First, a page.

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What’s All This Talk About Fascia?

The topic of fascia is being mentioned in fitness, health, medical research and injury recovery discussions everywhere these days.  Foam rolling, massage, yoga and special tools are creating ways for wellness minded people and athletes to keep this mysterious body part in optimum condition.  So where exactly is it? And what is it?

Fascia is everywhere.  This matrix of protein fibers and gooey fluids acts as a weblike fabric interweaving and containing every bone, nerve, muscle, gland, blood vessel and organ in the human body.  With about 70 trillion cells buzzing along together pumping, digesting, repairing and transporting that’s a lot of fascia!

It has the strength and toughness of collagen fibers with the flexibility of stretchy elastin floating in a gelatinous base.  It conforms, flexes and stabilizes – transitioning the forces of movement and gravity along bone, joint & muscle while simultaneously cushioning delicate organs.

Fascia’s Role in Pain

Fascia contains sensory nerves that communicate pressure, temperature and tension to the brain.  When damaged from overuse, atrophy, malnutrition or impact an inflammatory process begins. This increases circulation and fires up the fibroblasts (cells that create new tissue).   If the stress continues before the area has healed, the reinforcing collagen forms in disorganized, stiff layers. This scar tissue, then impairs the flow of vital nutrients and oxygen.  It also affects the tissue’s conductivity of electrical impulses and ability to whisk away cell waste.  The body/brain senses these limitations and prevents further injury by bracing with muscle spasm.  Muscle spasms hurts.  It also impairs the joints from full range of movement.  Thus begins the cycle of pain-spasm-bracing-loss of muscle strength and vitality.

Over time, the changes in the lines of tension within the body create imbalance in its center of gravity.  Loss of symmetry and resulting compensations, then create tension and joint compression.

So What Keeps It Healthy?

Hydration & Nutrition

Think of a sponge – when wet it is most flexible, forgiving.  The interstitial fluids that plump this network of fibers carries away unwanted microbes and creates the slide necessary for organs, muscles and circulation to function.  Without adequate water intake the fibers become stiff, crusty and more prone to bunching or tearing.

Eating a plant based diet provides sufficient protein, antioxidants and lipids that allow the connective membranes to rebuild and repair themselves.  Limiting foods that create an acidic ph to the body –  animal products, sugars and refined carbs, also helps to quiet any inflammation.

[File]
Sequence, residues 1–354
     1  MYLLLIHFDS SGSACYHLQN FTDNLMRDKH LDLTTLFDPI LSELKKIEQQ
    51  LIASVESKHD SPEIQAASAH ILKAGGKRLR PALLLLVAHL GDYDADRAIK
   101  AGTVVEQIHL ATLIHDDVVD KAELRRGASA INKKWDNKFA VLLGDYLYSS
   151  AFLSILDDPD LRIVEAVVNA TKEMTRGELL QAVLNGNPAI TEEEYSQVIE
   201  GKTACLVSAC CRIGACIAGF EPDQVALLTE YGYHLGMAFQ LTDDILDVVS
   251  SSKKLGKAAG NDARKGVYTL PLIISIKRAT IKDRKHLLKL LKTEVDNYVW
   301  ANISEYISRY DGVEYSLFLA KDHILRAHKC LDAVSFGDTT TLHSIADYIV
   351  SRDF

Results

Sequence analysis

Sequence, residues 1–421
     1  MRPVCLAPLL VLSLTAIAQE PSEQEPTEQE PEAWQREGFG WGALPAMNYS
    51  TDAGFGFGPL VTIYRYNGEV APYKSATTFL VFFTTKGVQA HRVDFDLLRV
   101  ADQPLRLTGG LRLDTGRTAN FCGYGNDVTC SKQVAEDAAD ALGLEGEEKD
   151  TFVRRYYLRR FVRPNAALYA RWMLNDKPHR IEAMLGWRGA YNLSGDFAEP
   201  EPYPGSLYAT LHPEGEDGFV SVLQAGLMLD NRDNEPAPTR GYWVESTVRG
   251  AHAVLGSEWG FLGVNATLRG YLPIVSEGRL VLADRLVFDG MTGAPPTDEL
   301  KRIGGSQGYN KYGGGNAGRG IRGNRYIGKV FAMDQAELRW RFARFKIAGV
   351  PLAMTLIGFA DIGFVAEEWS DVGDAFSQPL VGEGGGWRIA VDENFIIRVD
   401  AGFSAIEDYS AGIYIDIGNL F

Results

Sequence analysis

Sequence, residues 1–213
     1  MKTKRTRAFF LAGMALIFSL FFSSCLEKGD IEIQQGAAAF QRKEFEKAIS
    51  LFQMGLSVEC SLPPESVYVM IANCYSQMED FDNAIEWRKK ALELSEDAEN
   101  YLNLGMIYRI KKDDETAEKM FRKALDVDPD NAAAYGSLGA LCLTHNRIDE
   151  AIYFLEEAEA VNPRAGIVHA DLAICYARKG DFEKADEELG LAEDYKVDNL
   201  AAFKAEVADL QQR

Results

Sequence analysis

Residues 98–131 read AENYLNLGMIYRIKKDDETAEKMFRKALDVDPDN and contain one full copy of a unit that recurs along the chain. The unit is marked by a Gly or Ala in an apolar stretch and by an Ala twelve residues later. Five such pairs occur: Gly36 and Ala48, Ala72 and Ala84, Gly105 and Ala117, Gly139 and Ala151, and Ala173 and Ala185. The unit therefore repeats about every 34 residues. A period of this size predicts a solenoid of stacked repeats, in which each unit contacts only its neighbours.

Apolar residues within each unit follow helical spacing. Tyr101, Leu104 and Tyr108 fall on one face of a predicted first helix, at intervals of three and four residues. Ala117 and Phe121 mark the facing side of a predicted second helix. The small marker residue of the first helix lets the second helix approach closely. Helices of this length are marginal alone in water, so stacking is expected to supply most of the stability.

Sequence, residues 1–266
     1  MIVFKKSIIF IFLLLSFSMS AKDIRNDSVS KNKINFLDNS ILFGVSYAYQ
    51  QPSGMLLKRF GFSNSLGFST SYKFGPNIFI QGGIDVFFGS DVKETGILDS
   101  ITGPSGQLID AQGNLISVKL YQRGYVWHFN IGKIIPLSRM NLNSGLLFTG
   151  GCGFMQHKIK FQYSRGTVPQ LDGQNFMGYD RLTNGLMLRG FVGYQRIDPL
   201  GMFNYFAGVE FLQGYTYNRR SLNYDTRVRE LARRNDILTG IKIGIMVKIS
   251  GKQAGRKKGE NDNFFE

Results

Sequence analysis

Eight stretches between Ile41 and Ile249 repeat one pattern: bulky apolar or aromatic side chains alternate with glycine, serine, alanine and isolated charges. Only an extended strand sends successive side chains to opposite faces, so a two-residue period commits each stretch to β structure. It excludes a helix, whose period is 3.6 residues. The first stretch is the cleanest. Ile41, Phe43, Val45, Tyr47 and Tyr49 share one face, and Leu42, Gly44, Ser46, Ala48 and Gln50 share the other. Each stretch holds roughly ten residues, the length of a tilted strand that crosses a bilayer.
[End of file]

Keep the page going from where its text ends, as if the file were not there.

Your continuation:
Like most things in nature, fascia adapts itself to the demands made of it.  Below the skin that surrounds the eye, it is finer than spider silk.  While the strap-like layers of the illiotibial band are strong enough to tow a small car!  From toe to scalp it requires the energy of motion to help pump, ply and pull it to life.  The more it is slid across layers over and under, bent and stretched the more pliable it becomes.

Yoga, pilates, active isolated stretching, gymnastics and other sports that lengthen while strengthening the body are ideal ways to enlivens and move the body.


All massage effects fascial layers.  Even a gentle Swedish massage or foam rolling at home will encourage circulation and improve its texture.  With deeper, specialized bodywork, sometimes called myofascial therapy, the adhesions that form from repetitive strain or injury to its matrix will smooth and loosen.  This restores lymph and blood flow.

Just as important, as the manual effects of massage on fascia, is its ability to reduce stress hormones in the body.  Adrenaline, cortisol and other inflammatory hormones have shown to inhibit the immune system and fascial healing.  Unfortunately, many of the standard medical exams such as trays, holograms, CAT scans & electromyography do not show fascial adhesions.  A skilled manual therapist can identify and release these limitations.  Neuromuscular therapy would, then be an excellent way to re-educate healthier patterns of movement.

As more research is being completed the more apparent it is becoming that the human body is connective tissue – from dermis to bone marrow.  The idea of segregating and dividing body parts and their functions into separate elements may have been a distorted view.  And the important role that this predominant tissue plays in our daily lives has been underestimated, especially in the understanding of pain science, aging and disease.

Kathleen Biernat is a licensed massage therapist (2003) certified in Myofascial Release, Neuromuscular Therapy and Somatic Bodywork.  She is available for appointments Monday, Friday & Saturday. You may contact her at

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